Saturn's moon Prometheus is seen here emerging from the darkness of Saturn's shadow. Prometheus is 102 kilometers (63 miles) across.
This shepherd moon, like most of Saturn's moons, always keeps the same face pointing toward the planet. An observer on the moon's Saturn-facing side would never see the Sun directly overhead at noon, for the planet would always be in the way (creating an eclipse). Instead, the Sun would rise in the east, but as noon approached the eclipse would begin, bringing darkness a second time. Night comes twice on Prometheus.
This image was taken in visible light with the Cassini spacecraft narrow-angle camera on June 3, 2005, at a distance of approximately 2.1 million kilometers (1.3 million miles) from Saturn. The image scale is 13 kilometers (8 miles) per pixel.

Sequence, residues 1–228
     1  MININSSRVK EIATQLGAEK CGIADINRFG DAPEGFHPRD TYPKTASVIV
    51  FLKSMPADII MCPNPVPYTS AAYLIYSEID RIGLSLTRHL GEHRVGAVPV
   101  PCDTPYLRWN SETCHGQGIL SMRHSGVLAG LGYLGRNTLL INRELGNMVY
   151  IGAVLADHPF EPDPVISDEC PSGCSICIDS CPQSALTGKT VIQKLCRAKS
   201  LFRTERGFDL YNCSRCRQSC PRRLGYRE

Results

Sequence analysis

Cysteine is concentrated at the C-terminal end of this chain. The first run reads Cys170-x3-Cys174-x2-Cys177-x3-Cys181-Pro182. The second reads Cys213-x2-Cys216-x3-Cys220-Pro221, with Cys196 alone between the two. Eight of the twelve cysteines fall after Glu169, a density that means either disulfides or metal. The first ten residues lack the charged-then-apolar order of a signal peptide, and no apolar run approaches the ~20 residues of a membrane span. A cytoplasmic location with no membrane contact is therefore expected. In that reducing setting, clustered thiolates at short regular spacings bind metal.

The Cassini-Huygens mission is a cooperative project of NASA, the European Space Agency and the Italian Space Agency. The Jet Propulsion Laboratory, a division of the California Institute of Technology in Pasadena, manages the mission for NASA's Science Mission Directorate, Washington, D.C. The Cassini orbiter and its two onboard cameras were designed, developed and assembled at JPL. The imaging team is based at the Space Science Institute, Boulder, Colo.
For more information about the Cassini-Huygens mission visit http://saturn.jpl.nasa.gov. For additional images visit the Cassini imaging team homepage http://ciclops.org.